BIF photography ... and the B is for Bees

May 19, 2018  •  Leave a Comment

Carpenter bee in flightMale Carpenter bee in flight For nature and wildlife photographers capturing birds in flight, BIF, is one of the toughest challenges and most rewarding when good images are captured. That’s because most birds are very fast and many have unpredictable flying paths. Peregrine falcons are the top speedsters of the air with some duck species, Red-Breasted mergansers, not far behind.  And then you have the smaller varieties such as warblers, finches and humming birds that are not super fast but have a very erratical flying style. 

But there is another BIF that is even tougher to handle. Bees In Flight. Or small insects. They also fly around very fast but what makes photographing them in flight almost impossible is the extremely unpredictable flight path combined with the very very small size. Any insect smaller than a bee is going to be almost impossible to capture in flight. I gave this BIF a try recently and with some luck and some planning I got a few acceptable images.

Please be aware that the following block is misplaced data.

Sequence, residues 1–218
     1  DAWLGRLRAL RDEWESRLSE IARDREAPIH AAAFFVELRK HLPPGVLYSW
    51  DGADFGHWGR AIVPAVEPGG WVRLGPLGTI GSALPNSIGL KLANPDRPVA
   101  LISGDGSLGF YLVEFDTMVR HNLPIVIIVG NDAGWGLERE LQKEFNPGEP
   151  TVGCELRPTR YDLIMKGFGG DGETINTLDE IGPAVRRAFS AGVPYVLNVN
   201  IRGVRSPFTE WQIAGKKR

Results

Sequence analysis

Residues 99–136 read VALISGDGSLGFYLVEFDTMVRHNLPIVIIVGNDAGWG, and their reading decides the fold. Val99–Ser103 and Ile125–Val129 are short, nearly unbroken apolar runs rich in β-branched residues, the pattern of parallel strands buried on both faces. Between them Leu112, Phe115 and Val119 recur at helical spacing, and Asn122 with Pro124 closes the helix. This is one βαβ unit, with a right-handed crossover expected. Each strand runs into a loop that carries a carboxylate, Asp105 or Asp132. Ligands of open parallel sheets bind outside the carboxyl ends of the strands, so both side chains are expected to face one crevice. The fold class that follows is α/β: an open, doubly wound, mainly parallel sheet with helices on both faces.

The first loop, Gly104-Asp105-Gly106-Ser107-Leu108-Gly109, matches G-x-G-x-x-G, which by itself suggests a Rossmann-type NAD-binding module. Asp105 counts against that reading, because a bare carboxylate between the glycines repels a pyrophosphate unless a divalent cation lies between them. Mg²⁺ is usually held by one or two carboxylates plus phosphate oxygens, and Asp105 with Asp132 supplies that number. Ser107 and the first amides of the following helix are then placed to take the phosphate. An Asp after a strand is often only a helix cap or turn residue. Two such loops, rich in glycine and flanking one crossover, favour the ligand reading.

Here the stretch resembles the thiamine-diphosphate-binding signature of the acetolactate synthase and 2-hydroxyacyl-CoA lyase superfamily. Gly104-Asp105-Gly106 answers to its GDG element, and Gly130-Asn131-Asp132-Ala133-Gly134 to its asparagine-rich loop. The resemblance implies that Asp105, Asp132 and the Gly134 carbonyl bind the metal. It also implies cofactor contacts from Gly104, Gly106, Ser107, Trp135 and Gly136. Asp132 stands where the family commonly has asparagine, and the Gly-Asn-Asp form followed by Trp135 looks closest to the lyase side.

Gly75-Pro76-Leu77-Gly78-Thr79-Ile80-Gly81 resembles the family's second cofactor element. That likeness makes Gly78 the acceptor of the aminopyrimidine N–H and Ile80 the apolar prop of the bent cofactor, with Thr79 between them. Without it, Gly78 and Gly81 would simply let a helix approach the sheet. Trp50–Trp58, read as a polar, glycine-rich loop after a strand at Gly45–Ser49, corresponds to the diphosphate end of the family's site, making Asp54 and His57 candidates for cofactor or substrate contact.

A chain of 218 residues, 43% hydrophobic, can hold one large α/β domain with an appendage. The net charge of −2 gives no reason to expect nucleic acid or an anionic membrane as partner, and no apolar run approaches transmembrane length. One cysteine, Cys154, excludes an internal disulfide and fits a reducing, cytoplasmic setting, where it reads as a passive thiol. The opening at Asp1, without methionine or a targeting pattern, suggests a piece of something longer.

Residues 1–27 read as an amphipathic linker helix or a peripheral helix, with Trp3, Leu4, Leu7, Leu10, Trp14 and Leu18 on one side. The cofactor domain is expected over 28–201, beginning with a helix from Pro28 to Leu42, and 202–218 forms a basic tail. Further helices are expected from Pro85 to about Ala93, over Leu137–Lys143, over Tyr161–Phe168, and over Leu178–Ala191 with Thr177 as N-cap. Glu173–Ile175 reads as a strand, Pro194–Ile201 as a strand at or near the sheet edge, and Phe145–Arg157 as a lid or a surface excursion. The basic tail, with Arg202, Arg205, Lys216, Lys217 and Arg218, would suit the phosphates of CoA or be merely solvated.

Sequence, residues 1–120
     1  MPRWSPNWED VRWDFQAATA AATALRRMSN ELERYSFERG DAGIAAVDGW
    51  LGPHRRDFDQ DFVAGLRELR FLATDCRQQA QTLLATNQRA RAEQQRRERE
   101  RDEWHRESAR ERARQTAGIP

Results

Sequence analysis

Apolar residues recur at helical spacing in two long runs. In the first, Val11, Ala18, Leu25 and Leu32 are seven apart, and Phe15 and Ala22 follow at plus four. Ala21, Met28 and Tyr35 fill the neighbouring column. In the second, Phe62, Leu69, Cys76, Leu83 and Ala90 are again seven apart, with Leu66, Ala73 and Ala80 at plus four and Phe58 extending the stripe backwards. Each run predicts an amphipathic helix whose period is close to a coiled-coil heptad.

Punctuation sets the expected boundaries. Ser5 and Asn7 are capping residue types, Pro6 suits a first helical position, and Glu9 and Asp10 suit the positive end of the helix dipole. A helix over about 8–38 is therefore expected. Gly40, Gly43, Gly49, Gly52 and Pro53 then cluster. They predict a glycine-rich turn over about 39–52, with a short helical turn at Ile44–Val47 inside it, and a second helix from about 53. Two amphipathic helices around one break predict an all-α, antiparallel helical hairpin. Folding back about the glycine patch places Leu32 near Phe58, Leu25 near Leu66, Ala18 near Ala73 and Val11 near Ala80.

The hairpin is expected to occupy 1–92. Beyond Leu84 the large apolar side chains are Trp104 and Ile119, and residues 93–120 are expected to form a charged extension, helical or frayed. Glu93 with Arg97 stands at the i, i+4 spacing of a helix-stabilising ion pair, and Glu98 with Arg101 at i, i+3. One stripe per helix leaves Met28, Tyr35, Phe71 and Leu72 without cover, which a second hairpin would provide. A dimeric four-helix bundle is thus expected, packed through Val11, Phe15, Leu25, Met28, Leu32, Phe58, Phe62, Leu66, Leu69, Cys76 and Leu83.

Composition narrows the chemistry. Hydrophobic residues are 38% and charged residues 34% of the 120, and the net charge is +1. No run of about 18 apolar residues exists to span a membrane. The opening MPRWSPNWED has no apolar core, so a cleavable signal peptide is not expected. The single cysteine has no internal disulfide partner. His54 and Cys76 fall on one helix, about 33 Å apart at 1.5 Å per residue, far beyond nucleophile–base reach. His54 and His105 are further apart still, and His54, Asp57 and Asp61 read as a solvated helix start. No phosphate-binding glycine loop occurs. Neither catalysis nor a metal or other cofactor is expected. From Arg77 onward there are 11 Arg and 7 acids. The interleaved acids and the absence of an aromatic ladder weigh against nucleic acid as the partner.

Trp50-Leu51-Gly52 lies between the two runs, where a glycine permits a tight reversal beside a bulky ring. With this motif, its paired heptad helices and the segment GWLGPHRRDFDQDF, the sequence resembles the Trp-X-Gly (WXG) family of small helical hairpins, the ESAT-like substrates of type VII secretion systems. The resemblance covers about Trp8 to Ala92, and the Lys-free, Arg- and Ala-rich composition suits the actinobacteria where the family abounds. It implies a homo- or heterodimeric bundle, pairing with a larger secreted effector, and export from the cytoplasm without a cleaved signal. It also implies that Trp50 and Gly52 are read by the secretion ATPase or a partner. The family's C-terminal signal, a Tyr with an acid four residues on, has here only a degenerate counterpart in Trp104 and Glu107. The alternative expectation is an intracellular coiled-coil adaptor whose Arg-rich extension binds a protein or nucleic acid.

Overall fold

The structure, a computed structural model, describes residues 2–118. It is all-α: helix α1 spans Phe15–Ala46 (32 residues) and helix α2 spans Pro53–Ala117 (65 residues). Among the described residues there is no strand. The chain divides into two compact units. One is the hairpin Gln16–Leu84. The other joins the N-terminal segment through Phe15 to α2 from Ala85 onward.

Male Carpenter bee in flight There’s a couple of things you can do to increase your success rate. The biggest issue is having the camera focus on the flying bee. Of course it’s set on AI servo, with Zone AF or 61-point automatic selection AF selected. If shooting against the sky the camera will focus on the bee with some success. It will still fail a lot because the bee is very very small and is flying erratically most of the time. Bees, as the Carpenter bee here, will hover in place for a second or two. That’s the moment when you go into action. If the background is vegetation, the autofocus will surely lock onto that and not the bee. There is a trick you can use to avoid that situation. Prefocus. As you hold the camera and hunt for the bee, manually focus the lens until the the bee is in focus. As the bee hovers or moves around, you are still focused at that distance. As the bee comes back into the view or as you move the camera looking for the bee, the lens is already prefocused. Then press the shutter release button half way and the autofocus will have a much easier time to lock onto the bee and stay locked as you follow it around. Same can apply when shooting against the sky. It takes a bit of practice but with a lot of patience good results can be achieved. As the bee stops hovering and flies away, you have a split second to follow it and get a good sharp in-flight shot. After that you’re done, and have to start all over again with the prefocusing method. Male Carpenter bee in flight The other important setting is your shutter speed. Over 5000 of a second is what you want especially if you want to capture the beating wings. Humming birds are well known for those ‘invisible’ wings as they hover. They beat their wings at an average of 50 to 60 times per second. The Carpenter bee beats it’s wings at almost 250 beats per second. That’s per second, right? Depending on the position of the wings at the moment of the shutter release you may get them pretty clear and sharp. If that’s the image you’re looking for.